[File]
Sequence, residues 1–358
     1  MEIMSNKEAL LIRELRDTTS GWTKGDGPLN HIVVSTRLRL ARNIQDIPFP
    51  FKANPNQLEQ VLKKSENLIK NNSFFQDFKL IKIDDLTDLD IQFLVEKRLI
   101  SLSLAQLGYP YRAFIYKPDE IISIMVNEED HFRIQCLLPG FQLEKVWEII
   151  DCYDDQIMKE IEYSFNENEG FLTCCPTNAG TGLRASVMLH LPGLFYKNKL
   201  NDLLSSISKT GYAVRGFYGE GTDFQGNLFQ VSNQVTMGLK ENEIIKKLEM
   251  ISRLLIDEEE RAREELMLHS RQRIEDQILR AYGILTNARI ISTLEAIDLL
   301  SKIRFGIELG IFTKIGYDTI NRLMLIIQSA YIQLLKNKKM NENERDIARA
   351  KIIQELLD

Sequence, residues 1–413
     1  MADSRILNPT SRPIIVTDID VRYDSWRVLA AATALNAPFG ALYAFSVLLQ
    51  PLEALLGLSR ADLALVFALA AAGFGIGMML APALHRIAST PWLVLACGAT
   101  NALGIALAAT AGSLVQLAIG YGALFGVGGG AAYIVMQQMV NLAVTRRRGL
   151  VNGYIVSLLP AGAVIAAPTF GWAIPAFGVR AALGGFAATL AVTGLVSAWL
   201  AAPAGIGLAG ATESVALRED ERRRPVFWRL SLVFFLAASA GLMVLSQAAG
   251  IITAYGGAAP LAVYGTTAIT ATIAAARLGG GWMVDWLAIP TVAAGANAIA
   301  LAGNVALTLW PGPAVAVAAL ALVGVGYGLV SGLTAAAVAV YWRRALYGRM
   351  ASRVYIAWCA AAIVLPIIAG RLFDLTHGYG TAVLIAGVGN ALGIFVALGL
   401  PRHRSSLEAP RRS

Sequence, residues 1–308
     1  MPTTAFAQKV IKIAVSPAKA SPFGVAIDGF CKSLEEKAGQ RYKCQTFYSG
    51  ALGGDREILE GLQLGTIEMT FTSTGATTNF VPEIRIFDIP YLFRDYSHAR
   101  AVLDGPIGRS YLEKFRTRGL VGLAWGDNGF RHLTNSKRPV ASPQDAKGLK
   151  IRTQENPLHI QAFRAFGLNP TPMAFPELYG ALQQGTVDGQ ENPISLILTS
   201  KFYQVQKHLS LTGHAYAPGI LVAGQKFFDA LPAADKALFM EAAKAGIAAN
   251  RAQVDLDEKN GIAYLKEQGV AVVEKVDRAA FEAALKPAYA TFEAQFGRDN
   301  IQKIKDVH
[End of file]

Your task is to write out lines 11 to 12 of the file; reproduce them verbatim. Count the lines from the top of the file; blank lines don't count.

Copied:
     1  MADSRILNPT SRPIIVTDID VRYDSWRVLA AATALNAPFG ALYAFSVLLQ
    51  PLEALLGLSR ADLALVFALA AAGFGIGMML APALHRIAST PWLVLACGAT